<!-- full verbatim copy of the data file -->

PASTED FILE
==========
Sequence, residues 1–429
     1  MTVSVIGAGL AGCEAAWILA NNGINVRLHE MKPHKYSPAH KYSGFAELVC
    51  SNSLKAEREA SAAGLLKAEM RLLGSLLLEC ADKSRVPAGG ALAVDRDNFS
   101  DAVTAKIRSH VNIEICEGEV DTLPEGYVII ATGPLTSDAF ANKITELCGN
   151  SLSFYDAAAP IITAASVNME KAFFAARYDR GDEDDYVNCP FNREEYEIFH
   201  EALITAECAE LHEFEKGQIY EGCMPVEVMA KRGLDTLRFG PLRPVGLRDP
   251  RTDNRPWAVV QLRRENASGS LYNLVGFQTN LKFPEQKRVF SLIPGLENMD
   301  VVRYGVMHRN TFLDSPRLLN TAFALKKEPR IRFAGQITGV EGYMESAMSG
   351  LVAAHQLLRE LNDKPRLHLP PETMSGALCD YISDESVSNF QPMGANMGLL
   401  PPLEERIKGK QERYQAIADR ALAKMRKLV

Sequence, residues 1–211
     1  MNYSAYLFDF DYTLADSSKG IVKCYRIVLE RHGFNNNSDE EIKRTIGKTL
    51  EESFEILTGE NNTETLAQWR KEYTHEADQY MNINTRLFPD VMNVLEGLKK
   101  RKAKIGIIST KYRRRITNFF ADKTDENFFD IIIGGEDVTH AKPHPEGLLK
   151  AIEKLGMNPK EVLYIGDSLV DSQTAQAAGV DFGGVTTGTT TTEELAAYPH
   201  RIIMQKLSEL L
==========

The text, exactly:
Sequence, residues 1–429
     1  MTVSVIGAGL AGCEAAWILA NNGINVRLHE MKPHKYSPAH KYSGFAELVC
    51  SNSLKAEREA SAAGLLKAEM RLLGSLLLEC ADKSRVPAGG ALAVDRDNFS
   101  DAVTAKIRSH VNIEICEGEV DTLPEGYVII ATGPLTSDAF ANKITELCGN
   151  SLSFYDAAAP IITAASVNME KAFFAARYDR GDEDDYVNCP FNREEYEIFH
   201  EALITAECAE LHEFEKGQIY EGCMPVEVMA KRGLDTLRFG PLRPVGLRDP
   251  RTDNRPWAVV QLRRENASGS LYNLVGFQTN LKFPEQKRVF SLIPGLENMD
   301  VVRYGVMHRN TFLDSPRLLN TAFALKKEPR IRFAGQITGV EGYMESAMSG
   351  LVAAHQLLRE LNDKPRLHLP PETMSGALCD YISDESVSNF QPMGANMGLL
   401  PPLEERIKGK QERYQAIADR ALAKMRKLV

Sequence, residues 1–211
     1  MNYSAYLFDF DYTLADSSKG IVKCYRIVLE RHGFNNNSDE EIKRTIGKTL
    51  EESFEILTGE NNTETLAQWR KEYTHEADQY MNINTRLFPD VMNVLEGLKK
   101  RKAKIGIIST KYRRRITNFF ADKTDENFFD IIIGGEDVTH AKPHPEGLLK
   151  AIEKLGMNPK EVLYIGDSLV DSQTAQAAGV DFGGVTTGTT TTEELAAYPH
   201  RIIMQKLSEL L